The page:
1. The keys to car ownership
First, the obvious: If you choose to buy a car, be it a pink Cadillac or a Toyota Corolla, it becomes your property; but if you decide to lease, your lessor (typically a credit company affiliated with the manufacturer) owns the vehicle, and you’re paying them for your ticket to ride. So what’s the advantage to leasing? Your monthly payments will be less than what they would be if you bought the vehicle; but at the end of your lease, you must either return the car or pay a “buyback” fee (the value of the car at that point) to purchase it.
2. The deal with insurance
Regardless of whether you own or lease your vehicle, you’re required by law to obtain third-party liability insurance and accident benefits. If you’re leasing, you may wish to consider collision insurance, which covers damages to the car itself, since when it’s time to return the vehicle, the lessor will accept only wear and tear due to normal usage.
3. What if your car gets damaged?
Say you’re in a fender-bender or, worse, your car gets stolen. If you own the car outright, then any insurance claims will be payable directly to you. But if you’re still paying down your car loan or leasing, claim funds will be payable to both you and your creditor or lessor. You’ll have to come to an agreement on its distribution; but before negotiating, consult your insurance representative. You’ll be better prepared if, for example, you know whether the insurance policy has a replacement-cost clause that entitles you to the value of your car if you had to buy it brand new.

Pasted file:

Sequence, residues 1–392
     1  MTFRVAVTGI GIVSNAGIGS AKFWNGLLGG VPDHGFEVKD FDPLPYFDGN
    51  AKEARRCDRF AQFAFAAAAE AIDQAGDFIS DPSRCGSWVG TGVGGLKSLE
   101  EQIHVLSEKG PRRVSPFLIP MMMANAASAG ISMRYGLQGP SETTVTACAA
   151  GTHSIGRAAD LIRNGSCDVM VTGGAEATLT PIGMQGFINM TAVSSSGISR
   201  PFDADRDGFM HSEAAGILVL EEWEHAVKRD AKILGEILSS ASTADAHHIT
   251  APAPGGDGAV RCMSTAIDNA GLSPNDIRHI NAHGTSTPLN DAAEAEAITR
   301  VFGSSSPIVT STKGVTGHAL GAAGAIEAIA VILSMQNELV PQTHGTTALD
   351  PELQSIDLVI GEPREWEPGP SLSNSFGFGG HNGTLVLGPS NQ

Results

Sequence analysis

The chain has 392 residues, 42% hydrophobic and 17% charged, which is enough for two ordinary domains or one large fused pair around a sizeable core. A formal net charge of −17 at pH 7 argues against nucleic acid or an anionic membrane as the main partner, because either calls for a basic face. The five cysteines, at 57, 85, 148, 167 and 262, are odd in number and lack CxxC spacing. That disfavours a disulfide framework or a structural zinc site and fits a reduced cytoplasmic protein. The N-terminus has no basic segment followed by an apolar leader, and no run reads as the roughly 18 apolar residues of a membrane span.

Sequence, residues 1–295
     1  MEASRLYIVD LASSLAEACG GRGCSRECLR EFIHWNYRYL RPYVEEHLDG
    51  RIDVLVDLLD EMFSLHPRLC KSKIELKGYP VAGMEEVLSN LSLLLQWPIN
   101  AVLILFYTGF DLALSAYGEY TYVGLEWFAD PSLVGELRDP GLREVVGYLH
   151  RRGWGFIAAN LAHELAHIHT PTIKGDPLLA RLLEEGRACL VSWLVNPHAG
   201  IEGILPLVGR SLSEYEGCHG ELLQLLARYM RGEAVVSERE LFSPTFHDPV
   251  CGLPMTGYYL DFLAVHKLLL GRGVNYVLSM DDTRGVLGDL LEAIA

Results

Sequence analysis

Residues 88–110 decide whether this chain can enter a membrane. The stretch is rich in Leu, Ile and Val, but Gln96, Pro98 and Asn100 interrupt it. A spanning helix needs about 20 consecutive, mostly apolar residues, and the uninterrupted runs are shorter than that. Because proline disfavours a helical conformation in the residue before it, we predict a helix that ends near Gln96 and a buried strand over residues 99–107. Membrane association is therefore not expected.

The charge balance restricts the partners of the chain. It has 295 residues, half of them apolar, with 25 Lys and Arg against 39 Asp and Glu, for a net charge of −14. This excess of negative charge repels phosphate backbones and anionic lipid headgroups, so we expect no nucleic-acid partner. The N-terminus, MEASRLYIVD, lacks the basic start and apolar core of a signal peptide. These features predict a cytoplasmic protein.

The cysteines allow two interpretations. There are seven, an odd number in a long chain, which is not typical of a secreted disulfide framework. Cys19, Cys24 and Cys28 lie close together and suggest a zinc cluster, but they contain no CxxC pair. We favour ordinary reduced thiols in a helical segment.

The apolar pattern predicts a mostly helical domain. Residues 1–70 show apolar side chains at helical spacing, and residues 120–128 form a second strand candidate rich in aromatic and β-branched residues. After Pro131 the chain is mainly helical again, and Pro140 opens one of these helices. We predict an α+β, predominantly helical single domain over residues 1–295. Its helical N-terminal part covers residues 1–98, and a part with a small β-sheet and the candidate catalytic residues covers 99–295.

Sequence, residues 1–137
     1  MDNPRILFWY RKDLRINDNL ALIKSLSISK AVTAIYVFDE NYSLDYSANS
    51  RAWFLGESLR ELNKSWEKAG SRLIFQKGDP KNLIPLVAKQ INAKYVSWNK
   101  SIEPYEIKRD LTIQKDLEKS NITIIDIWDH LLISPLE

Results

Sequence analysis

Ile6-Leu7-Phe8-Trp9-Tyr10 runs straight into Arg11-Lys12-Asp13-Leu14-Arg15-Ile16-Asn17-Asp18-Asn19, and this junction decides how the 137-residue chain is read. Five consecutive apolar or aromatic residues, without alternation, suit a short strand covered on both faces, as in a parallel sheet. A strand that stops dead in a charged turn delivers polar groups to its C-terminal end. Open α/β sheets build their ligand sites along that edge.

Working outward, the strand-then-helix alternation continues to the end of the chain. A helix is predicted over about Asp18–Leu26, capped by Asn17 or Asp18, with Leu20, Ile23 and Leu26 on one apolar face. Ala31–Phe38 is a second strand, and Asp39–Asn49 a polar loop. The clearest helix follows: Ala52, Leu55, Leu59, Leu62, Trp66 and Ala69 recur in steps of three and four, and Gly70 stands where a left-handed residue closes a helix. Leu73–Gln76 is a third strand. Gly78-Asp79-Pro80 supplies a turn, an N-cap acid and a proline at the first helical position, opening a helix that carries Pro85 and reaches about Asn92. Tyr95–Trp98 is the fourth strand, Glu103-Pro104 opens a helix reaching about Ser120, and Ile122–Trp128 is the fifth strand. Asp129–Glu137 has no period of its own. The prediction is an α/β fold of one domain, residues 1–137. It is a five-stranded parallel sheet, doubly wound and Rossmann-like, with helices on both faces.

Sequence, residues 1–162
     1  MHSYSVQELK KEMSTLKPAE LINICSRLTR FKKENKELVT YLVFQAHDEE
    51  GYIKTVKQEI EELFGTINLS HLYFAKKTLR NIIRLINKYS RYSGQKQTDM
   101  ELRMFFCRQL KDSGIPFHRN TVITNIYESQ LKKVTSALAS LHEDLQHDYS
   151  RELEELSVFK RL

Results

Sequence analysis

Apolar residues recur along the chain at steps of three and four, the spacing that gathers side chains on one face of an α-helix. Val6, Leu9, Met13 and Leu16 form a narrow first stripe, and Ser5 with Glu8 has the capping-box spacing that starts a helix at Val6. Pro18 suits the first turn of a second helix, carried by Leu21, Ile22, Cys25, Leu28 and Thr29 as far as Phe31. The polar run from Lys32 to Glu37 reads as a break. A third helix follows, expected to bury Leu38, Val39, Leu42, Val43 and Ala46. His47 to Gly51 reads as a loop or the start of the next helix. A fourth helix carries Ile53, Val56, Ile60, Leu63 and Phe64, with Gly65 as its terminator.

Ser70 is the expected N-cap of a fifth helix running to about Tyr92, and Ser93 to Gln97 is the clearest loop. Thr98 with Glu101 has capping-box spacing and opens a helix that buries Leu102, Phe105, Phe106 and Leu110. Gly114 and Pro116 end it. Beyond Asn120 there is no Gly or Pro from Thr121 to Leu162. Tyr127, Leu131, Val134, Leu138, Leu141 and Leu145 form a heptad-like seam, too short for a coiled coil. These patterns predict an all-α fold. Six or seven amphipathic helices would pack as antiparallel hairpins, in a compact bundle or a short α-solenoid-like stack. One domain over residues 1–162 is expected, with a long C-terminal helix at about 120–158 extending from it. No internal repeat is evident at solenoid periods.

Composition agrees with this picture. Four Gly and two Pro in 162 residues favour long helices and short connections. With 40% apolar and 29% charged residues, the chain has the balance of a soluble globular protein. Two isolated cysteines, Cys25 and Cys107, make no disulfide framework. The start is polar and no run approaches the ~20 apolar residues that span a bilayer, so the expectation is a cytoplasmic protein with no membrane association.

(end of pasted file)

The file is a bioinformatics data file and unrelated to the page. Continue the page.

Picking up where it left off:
4. Regarding maintenance
For the duration of a lease, no major modifications – such as painting the car a different colour – are allowed. When you return the vehicle at the end of the lease, it must be in good condition. To avoid any disagreements, have an independent inspection done by a garage beforehand.
5. What if you drive a lot?
Whether you buy or lease, the more mileage you rack up, the quicker your car’s value depreciates. If you’re a car owner, this means your resale value decreases. But it’s more complicated if you’re leasing; your lessor or the dealership safeguards itself against lost value through mileage allowance plans. Here are your usual options: You are usually offered a choice between base plans, allowing 80,000 km, 100,000 km or 120,000 km over four years, for example. There are no refunds for unused mileage. If you think you’ll exceed these limits, you can purchase additional kilometres that are usually deducted from the buyback fee. Any mileage not covered by a plan is paid for when you return the car. This tends to be the costliest option, so it’s preferable to pay for extra mileage in advance.
6. Time to put it in park?
Suppose you’ve got a baby on the way and you want to get rid of that little red Corvette earlier than you had planned. What are your options? If you own your car, you can sell it, but you must pay back your car loan in full. The only way out of a lease is to break it, in which case you’ll be required to pay all of your remaining lease payments. Since breaking a lease will negatively affect your credit rating, you might first want to try the alternatives of subleasing or transferring your lease (the way you might with a rental apartment).
7. So, to buy or to lease?
If you have the money and you plan on keeping your vehicle for the long term, buying is the better choice because you’re building up equity and, after interest is taken into account, it’s a cheaper option than leasing. However, if a leasing program’s lower monthly payments allow you to service another, more costly debt quicker, leasing may make more sense (and cents). At the end of the lease, you may be tempted to refuse the buy-back option, so as not to have to maintain and repair an “old” car, but in reality, these expenses can be much less than the monthly payments on a new car. Still, if you like to change your ride often, leasing is generally the best choice, but be aware that the shorter the lease term, the more you’ll be charged per month, since a vehicle depreciates more quickly in the first years after it’s purchased.
A word of advice: Scan newspapers and other ads for mention of preferred interest rates, which can greatly affect the cost of your car.
8. Still undecided?
Industry Canada has a handy online tool that can help you make up your mind.